In a broadcast on Sept. 21, Russian President Vladimir Putin issued a tacit threat to use nuclear weapons against the West, marking another escalation in the conflict surrounding Russia’s invasion of Ukraine.
Putin’s statement followed accusations that NATO countries are pursuing policies amounting to “nuclear blackmail” and come at a time his country is losing support for the Ukraine war.
“To those who allow themselves such statements regarding Russia, I want to remind you that our country also has various means of destruction, and for separate components and more modern than those of NATO countries, and when the territorial integrity of our country is threatened, to protect Russia and our people, we will certainly use all the means at our disposal,” the Russian President stated.
Shortly after the speech, flights from Moscow to Istanbul were completely sold out, while the price of other flights to leave Russia soared.
— Konrad Muzyka – Rochan Consulting (@konrad_muzyka) September 21, 2022
“Mobilisation introduces a completely new dynamic into the Russian society,” Konrad Muzyka told Sky News. “Many males will want to leave the country as soon as possible to avoid being sent to Ukraine. The sell-out of tickets to Turkey only confirms that.”
Russian citizens also took to the streets in protest, following Putin’s address.
Peter Stano, foreign policy spokesman for the European Commission, called Putin’s threat a “very dangerous nuclear gamble” and urged the international community to pressure the Russian leader to “stop such reckless behavior.”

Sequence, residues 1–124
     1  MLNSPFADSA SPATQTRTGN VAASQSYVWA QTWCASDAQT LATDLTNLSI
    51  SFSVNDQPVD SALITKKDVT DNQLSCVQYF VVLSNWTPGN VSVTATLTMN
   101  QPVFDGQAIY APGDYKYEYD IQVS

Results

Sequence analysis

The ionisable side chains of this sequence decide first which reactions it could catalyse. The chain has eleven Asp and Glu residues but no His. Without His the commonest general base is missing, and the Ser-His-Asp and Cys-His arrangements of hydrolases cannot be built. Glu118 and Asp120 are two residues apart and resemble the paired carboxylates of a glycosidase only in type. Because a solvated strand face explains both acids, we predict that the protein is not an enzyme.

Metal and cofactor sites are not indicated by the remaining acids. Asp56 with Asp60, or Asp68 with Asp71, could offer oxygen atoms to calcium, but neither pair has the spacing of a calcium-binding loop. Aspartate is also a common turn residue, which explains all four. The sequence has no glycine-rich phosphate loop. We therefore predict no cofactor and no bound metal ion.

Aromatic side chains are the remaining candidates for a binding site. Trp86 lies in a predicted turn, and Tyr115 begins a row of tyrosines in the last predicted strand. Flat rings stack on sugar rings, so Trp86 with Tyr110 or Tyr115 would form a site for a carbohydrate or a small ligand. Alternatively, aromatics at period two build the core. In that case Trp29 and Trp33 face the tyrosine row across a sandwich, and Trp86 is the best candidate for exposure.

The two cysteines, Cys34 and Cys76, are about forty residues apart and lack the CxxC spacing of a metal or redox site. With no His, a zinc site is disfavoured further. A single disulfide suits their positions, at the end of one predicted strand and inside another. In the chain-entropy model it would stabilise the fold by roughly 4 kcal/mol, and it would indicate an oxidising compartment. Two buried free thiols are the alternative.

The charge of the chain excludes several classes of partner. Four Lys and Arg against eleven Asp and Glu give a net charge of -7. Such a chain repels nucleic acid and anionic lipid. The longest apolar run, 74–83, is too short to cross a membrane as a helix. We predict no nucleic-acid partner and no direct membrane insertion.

Russia is a formidable nuclear power, holding the largest number of nuclear weapons in the world. Currently, Russia has 6,255 nuclear warheads, while the U.S. has 5,550.
A 2019 report shows that Russia has targets on both the east and west coasts of the U.S. in its sights, and would be able to deliver a nuclear missile to a terrestrial U.S. target in less than five minutes, via a submarine-launched hypersonic missile.
However, in June, a Russian lawmaker stated that the first city his country would strike would be London. If Russia were to detonate a nuclear weapon over London similar to it’s RT-2PM Topol (SS-25), which has an 800 kiloton yield, the fireball radius would be a square mile, the thermal radiation radius (3rd degree burns) would be 148 square miles, and the blast radius would exceed 400 square miles, according to Nuke Map.
There would be an estimated 929,380 fatalities and more than 2.2 million people injured.
In his televised address, Putin assured his citizens he was not bluffing and signed a decree on Sept. 21 extending the contracts of Russian soldiers fighting in Ukraine until the end of the partial mobilization period, according to The Guardian.